How did it get so late so soon?
Its night before its afternoon.
December is here before June.
My goodness how the time has flewn.
How did it get so late so soon?
– Dr. Suess
Klasik Sounds w/Night Fall
written & edited by Kendall F. Person
Laos — a landlocked country of 6.5 million people in southeast Asia, still ripples from the effect of being a real live pawn in a series of wars that surrounded them, that had nothing to do with them, and that exploded between them. History has many names for the Laotian Civil War, The Secret War is one, but it was not a secret to the people living in the region, leaving their country in near complete devastation. And four decades after the fall of Vientiane, Laos remains one of the poorest countries in the world, with a third of its population living under the international poverty line of just $1.25 per day.
The Indochina War would surround it, borders sealed by its neighbors – Thailand, Vietnam, Cambodia and China – fighting all around it. And with the Cold War reaching a feverish pitch, between the United States, and the Union of Soviet Socialist Republic; even France and the United Kingdom had rolled their marbles in – the people of Laos would never stand a chance. And with all that was happening around them, and in spite of them, loyalties inside would be divided, and in 1962, Laos would cry all-in, erupting into a disastrous civil war.
The fighting continued for nearly 15 years, thousands would be killed, and years later, hundreds of thousands would have to be relocated, as time proved no cure for the hatred that embedded in the land, as genocide became the new draw. In 1964, the wars would consume the country, and those that could, fled. Leaving their birthplace behind, in the hopes of achieving any semblance of a life. In the exodus, the family of six year old Xiong Nhia Yang would dodge bullets, the father doing all he could to carry his family to safety. But inside the battle zone, he was defenseless and his daughter would be struck by a bullet, leaving her wounded and unable to keep up.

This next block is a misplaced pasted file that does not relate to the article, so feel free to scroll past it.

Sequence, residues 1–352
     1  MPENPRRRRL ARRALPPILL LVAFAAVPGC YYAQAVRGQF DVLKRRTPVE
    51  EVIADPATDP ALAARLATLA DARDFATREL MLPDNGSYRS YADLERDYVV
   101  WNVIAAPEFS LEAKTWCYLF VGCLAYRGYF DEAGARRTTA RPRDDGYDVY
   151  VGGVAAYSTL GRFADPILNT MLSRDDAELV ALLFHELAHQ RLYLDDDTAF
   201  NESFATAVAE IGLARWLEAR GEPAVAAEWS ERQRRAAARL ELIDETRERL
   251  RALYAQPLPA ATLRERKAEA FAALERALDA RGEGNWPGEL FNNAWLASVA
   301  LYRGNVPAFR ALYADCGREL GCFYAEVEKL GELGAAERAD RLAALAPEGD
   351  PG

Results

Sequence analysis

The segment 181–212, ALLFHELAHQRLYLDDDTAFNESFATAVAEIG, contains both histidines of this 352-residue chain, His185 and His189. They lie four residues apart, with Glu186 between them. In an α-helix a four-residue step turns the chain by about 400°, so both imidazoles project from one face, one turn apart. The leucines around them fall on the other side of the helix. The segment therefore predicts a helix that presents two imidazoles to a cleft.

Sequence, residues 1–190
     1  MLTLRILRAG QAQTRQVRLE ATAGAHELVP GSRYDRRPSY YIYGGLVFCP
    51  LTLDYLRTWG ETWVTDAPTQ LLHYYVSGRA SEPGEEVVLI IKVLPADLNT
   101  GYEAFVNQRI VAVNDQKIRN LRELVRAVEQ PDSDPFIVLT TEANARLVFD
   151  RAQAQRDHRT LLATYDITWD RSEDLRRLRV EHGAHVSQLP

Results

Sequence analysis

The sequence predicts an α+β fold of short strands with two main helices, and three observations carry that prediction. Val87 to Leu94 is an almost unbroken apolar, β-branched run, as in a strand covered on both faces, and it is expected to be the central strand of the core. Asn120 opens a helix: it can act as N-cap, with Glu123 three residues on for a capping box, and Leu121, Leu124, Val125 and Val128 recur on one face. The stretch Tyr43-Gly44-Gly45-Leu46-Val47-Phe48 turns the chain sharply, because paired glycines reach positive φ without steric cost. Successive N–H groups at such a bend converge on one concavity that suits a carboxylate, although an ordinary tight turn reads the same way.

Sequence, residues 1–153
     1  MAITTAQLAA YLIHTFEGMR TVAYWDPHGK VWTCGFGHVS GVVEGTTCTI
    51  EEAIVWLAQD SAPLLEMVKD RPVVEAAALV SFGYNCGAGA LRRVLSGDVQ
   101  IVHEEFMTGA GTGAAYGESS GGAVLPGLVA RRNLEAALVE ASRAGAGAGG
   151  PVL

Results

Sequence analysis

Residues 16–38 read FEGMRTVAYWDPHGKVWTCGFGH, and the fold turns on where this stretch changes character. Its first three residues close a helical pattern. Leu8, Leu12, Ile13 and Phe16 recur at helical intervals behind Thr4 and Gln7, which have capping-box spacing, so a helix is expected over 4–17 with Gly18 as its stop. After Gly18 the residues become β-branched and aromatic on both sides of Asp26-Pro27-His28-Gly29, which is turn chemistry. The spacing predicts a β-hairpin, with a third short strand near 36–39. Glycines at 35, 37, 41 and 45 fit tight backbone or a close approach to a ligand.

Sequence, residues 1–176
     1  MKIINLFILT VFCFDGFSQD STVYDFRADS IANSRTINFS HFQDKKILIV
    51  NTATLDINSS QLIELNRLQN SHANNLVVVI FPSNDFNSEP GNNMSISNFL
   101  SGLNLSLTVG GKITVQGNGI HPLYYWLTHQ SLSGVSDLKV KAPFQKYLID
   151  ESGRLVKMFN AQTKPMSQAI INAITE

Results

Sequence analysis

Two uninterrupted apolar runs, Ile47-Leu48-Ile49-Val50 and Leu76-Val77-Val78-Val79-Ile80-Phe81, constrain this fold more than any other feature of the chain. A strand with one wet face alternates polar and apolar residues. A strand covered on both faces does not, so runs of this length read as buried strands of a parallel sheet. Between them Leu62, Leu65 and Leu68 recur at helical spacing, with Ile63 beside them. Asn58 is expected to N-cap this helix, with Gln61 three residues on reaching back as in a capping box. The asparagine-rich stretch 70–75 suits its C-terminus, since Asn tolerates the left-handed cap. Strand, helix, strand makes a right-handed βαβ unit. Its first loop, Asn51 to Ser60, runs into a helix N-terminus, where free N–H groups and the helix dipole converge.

With the needs of the many, outweighing the needs of the few, Xiong’s father would make a haunting decision, to abandon his daughter, Xiong’s sister, Sua for he could do nothing for her, having the rest of his family to think of. So six-year-old Xiong Nhia Yang and his parents ran for their lives, leaving his big sister behind. His father promised to go back for her, and by all accounts, he tried, but time was not on his side and the drums of war, would outlast him.
In December of 2013, an American Airlines flight would touch down at the Minneapolis-St. Paul International Airport. Xiong Nhia Yang, a 56-year-old man by then, would stand in the central terminal, surrounded by family and a camera crew, as passengers bustled around them, oblivious to the fact, at that moment, time had stood still. He would recognize her instantly, at 70 years old, Sua looked exactly like their Mother, who had also passed. When brother and sister finally embraced, time overwhelmed them. Fifty years of emotion spilled forth, in the span of just a few seconds.
An extraordinary story, mercifully, the majority will never have to imagine. But how many family lapses are in place, even though they live just a few streets away? How many blood relationships have we abandoned, for an offense that is older than our generation? How long will we allow anger to stand between us, even with full knowledge, that time is not our friend? Inventions have allowed us to fly.
Advancements in plastic surgery, take years off our appearance. and a healthy lifestyle can be key to a long life. But no matter what we do or how hard we try, we will never defeat time or even slow it down. I imagine, there are some relationships beyond repair. Hence, destructive wars are not confined to countries. But while the breathtaking reunion of Xiang and Sua remain fresh in our minds, here lies a chance to take the offensive, besting father time. Pick up the phone, give it no further thought, call your estranged loved one, and simply say hi.
– Kendall F. Person, thepublicblogger
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